ENC Features
12:37 pm
Mon February 11, 2013

Cigar Box Guitars

A New Bern man is using cigar boxes to make instruments for playing the blues.

Since human existence, people have been making music using the materials they have lying around – like sticks, rocks, or animal hide.  One of the earliest instruments was a flutes carved from hallowed out bird bones and mammoth ivory. It was carbon dated to be 42,000 years old.  The tradition of using recycled items to create sounds still continues today.  David English, owner of Black Owl Guitars in New Bern is using old licenses plates, peanut can lids and old cigar boxes to build guitars.

“It has a real nasty sound, its almost a gritty, dirty sound.  But I think that gritty, dirty sound is very authentic for the times and traditions for the times that music comes out of, it’s very Americana.”

English has played the 6-string guitar for 14 years, learning other instruments along the way. Although he doesn’t use a paintbrush, he still considers himself an artist – from the original songs that he writes to the cigar box guitars that he hand makes.

“I write songs and I play music and I’m trying to introduce people to a type of music that existed 100 years ago. So I guess in that sense I’m kind of a historian as well.”

The very first cigar box instrument is documented in a 1860’s newspaper.  The picture shows two civil war soldiers sitting next to a tent and one of them is playing a cigar box fiddle. After the war, English says these handmade instruments started gaining in popularity.

“a lot of slaves would go to socializations, these are folks that couldn’t afford instruments.  It kind of comes out of old jug bands and things like that.  The cigar box guitar is born.  And thru the 20’s and 30’s, during the Great Depression, people couldn’t afford to buy instruments. Folks like B.B. King… his dad built him a cigar box guitar because he couldn’t afford one and everyone knows who B.B. King is.”

Jimi Hendrix, Carl Perkins, Ted Nugent, and Buddy Guy are just a few of the famous musicians that have played cigar box guitars. English says his interest in building and playing cigar box instruments started two years ago when surfing the web.

 “A guy was building this cigar box guitar but he just strung it up with nylon string didn’t make a lot of noise, it kind of intrigued me.  I said I wonder if anyone has ever tried that with real guitar strings.”

Another quick internet search and English found that his idea was already a reality.

“Tons of people building cigar box guitars, cookie tin banjos, steel lap guitars out of old wooden ironing boards, and playing with shot glasses… it opened up this whole new world and I said you know what? That’s where I want to be.  This combines two of my things I like most, music and building stuff.”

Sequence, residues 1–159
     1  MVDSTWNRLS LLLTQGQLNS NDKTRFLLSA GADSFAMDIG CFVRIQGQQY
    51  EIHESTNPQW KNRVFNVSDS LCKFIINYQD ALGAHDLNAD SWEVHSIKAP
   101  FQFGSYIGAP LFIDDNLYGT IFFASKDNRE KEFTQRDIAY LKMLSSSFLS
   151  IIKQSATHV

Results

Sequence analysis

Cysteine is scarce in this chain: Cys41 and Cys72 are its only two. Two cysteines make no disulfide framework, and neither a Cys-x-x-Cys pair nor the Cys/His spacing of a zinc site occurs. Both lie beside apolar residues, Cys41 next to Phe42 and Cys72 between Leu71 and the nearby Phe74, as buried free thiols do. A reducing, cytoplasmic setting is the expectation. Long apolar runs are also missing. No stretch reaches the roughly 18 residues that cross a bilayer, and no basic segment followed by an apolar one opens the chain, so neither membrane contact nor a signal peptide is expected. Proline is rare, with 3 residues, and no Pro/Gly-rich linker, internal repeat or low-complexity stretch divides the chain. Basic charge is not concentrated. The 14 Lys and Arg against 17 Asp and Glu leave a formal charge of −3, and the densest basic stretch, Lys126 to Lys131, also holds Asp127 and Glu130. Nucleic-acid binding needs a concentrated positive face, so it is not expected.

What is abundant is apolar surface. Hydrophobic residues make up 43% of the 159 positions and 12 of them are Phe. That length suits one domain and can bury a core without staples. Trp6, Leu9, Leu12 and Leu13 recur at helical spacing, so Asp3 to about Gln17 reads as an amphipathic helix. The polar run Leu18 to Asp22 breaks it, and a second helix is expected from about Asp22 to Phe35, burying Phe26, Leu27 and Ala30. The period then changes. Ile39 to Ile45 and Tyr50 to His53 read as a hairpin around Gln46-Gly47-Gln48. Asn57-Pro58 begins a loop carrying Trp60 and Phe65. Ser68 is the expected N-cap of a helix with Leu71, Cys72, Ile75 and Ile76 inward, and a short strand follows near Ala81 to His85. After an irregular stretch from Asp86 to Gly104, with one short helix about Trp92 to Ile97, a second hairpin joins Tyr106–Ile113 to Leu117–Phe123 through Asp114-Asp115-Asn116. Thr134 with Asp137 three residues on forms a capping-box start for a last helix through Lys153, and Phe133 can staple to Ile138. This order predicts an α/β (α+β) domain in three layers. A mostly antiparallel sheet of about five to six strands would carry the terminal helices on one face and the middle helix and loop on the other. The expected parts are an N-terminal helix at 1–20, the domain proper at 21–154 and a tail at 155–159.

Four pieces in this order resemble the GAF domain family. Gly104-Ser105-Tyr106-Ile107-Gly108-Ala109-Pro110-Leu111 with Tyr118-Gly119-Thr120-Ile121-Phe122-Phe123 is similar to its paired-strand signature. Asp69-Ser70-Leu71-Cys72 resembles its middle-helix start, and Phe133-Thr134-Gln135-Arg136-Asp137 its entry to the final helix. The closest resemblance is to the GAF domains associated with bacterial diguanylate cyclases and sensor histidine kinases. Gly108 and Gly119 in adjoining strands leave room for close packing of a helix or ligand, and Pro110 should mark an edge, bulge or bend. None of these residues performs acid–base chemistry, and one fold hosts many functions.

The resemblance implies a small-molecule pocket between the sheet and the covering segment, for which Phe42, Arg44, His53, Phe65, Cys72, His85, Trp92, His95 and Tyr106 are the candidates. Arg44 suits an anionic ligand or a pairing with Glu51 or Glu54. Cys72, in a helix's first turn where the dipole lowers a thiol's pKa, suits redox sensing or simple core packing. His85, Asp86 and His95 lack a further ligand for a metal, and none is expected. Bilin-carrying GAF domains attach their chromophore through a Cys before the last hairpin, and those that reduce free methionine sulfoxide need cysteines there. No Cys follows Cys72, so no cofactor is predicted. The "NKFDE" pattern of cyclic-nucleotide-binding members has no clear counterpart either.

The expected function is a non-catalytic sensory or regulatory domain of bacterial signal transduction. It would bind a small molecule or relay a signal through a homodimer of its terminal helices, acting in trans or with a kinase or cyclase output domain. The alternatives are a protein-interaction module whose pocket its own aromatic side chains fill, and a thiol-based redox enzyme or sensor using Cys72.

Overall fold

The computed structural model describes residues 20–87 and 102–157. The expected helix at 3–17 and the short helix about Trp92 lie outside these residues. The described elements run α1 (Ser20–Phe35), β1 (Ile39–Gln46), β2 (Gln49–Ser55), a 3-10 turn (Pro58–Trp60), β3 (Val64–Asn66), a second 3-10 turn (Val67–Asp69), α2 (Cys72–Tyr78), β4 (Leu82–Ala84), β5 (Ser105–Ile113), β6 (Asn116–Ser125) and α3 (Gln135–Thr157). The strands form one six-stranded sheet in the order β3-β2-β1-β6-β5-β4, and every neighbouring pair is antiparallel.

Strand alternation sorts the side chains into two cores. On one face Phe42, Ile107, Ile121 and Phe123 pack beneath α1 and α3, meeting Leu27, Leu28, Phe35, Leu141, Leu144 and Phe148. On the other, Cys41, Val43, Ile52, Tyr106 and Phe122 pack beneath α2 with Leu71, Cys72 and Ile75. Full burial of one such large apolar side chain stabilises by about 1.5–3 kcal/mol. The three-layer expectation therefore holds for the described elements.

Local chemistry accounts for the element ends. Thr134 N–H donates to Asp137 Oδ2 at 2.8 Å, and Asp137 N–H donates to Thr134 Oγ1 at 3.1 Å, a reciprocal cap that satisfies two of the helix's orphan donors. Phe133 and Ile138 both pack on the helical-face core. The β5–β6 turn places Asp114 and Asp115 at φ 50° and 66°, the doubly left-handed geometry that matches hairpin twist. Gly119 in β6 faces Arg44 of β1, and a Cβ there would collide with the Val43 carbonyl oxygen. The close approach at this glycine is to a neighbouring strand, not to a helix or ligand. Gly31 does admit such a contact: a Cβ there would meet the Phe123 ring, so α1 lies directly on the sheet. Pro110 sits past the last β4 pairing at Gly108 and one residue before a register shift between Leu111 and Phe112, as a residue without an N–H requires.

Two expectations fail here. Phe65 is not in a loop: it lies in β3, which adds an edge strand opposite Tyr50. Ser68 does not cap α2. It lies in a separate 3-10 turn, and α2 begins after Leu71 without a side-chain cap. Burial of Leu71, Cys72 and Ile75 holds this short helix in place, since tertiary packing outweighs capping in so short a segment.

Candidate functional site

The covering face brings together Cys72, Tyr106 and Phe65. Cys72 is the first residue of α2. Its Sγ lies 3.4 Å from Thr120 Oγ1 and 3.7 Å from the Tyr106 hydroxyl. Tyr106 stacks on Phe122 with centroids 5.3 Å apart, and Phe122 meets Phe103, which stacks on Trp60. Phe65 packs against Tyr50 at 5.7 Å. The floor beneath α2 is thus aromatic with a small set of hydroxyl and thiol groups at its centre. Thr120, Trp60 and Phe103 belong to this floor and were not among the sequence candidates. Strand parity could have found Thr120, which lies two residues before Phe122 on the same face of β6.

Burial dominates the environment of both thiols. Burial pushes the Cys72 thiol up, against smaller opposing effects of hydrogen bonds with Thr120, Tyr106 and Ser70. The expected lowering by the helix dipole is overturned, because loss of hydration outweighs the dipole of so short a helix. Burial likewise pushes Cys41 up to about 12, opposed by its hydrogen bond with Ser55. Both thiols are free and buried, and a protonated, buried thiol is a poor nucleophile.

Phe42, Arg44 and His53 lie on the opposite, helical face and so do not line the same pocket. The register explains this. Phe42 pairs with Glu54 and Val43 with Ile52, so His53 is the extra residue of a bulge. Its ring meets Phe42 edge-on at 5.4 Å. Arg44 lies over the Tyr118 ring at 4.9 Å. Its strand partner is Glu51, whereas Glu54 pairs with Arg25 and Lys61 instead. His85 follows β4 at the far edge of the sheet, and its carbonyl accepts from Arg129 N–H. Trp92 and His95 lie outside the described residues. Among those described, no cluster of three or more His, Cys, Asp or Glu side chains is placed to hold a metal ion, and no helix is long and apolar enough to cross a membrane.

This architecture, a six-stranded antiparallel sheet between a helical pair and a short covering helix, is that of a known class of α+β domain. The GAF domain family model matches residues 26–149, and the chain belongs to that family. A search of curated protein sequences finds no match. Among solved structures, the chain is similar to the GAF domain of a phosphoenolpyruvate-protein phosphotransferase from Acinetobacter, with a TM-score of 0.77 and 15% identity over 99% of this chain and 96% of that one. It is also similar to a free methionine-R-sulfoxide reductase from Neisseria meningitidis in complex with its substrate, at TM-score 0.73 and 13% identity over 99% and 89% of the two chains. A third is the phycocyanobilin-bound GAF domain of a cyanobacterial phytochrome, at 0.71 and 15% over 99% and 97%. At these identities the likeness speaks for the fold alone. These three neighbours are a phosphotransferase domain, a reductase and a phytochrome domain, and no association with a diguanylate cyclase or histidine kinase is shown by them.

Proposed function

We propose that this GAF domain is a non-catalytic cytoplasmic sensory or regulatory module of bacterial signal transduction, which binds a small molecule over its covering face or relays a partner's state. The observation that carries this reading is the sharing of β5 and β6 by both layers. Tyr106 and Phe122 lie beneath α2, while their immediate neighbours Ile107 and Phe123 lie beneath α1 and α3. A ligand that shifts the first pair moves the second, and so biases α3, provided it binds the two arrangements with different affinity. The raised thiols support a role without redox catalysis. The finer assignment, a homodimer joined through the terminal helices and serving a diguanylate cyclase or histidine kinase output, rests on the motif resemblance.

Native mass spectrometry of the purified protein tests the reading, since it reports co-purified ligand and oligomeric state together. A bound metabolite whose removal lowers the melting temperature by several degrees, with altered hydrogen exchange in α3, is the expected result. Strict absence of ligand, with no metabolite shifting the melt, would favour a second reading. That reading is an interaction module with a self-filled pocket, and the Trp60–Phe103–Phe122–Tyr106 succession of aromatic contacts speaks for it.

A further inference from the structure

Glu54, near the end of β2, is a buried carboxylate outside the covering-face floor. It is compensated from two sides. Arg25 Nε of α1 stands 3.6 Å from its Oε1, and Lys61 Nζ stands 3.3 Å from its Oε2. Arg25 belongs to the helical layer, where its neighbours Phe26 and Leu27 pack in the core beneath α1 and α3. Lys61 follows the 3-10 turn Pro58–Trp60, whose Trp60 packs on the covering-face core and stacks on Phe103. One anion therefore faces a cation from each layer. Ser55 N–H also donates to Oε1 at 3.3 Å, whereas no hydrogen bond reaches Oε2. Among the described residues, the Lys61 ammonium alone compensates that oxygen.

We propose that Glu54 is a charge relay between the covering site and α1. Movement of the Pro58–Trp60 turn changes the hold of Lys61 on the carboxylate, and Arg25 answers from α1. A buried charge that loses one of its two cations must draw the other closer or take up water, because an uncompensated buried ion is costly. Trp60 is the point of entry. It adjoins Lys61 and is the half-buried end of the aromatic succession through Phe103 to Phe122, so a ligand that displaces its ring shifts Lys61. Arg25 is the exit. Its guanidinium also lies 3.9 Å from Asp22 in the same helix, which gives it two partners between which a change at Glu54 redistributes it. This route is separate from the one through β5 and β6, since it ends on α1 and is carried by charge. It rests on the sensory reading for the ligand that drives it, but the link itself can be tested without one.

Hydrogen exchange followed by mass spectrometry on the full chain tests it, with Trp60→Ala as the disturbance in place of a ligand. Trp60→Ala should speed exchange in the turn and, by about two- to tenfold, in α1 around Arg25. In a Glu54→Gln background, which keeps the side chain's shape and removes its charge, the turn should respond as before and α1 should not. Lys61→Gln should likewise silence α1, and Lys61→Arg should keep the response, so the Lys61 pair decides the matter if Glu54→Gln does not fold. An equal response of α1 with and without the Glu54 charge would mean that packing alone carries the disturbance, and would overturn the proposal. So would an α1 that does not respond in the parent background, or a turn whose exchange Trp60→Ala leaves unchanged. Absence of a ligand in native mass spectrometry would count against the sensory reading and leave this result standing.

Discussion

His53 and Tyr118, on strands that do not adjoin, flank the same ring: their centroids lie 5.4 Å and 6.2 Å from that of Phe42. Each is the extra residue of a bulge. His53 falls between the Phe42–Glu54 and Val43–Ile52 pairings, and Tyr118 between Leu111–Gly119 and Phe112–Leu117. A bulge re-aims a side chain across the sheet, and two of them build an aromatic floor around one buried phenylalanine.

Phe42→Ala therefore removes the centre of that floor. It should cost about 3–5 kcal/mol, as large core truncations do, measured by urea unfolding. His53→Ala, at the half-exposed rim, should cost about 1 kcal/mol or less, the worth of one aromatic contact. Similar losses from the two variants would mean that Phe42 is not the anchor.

English builds each guitar by hand in his garage workshop in River Bend.  He uses mostly recycled materials- wood scraps from a local carpenter, old bottle caps, and recycled bolts.

“When I first started, I would go to the tobacco store, I don’t even know I guess you can go to a tobacco store and get a cigar box. So I went up there and they have empty cigar boxes for humidors so I just bought them for a couple bucks a piece. But as people found out I was building, and other people started wanting instruments, now I come home and there is a bag of them on my front door step.”

It’s with these cigar boxes that guitars and music is created.

Out in his garage workshop, English was building a diddly bow.

“You know, that’s the original handmade guitar. A lot of guys built those back in the late 1800’s and early 1900’s they were stringing broom wire to a 2by 4 in the barn.  It’s just one string and you use a slide.”

The first step is carving a grove in the box for the neck to go through.  The neck for this diddlybow is a piece of wood from a farm in Vanceboro.

" This is what they used to hang tobacco with up in the barns and they’d strap it on here and it would hang it up in there to dry.”

English used a combination of power tools – and hand tools to construct the diddlybow.  Instead of a wooden sound board like the typical 6-string acoustic guitar, the cigar box guitars employ a resonator to help create that unique bluesy sound. The resonator on this particular diddlybow is an old paint can lid. 

On some of the instruments English makes, he installs pickups – that capture the mechanical vibration of the strings and turn them into an electrical signal that can be put through an amplifier.

Once the electronics are installed inside the cigar box, the instrument will be ready for staining.  For this process, English uses mud from the Trent River.

“I take Mason jars and scoop the black mud that everyone knows stains everything so I let it sit however long, however dark I want it to be and let it sit in mud and wipe it down. Those softer parts of the wood where the grain is especially in some of the Maples really pick up that dark look and you can see some of the grain of the wood very nice.  I think it gives it a vintage look.”

And instead of a polyurethane finish, English uses a natural protectant -beeswax collected from his friend’s beehives in Pamlico County. 

Whether it’s a cigar box guitar or a diddlybow, English says each instrument is unique in the way it sounds and especially in the way it looks.  Take the Carolina Cruiser for example…

CRUISER “ The Carolina Cruiser… We have a Don Thomas cigar box with a license plate for the resonator, hardware bolts for your nut and your bridge and I thought it was only appropriate for the volume knob is a Pepsi cap, here we are in NC. You got to have the Pepsi cap on there.”

To see a picture of David English and the Carolina Cruiser cigar box guitar, you can visit our website publicradioeast.org.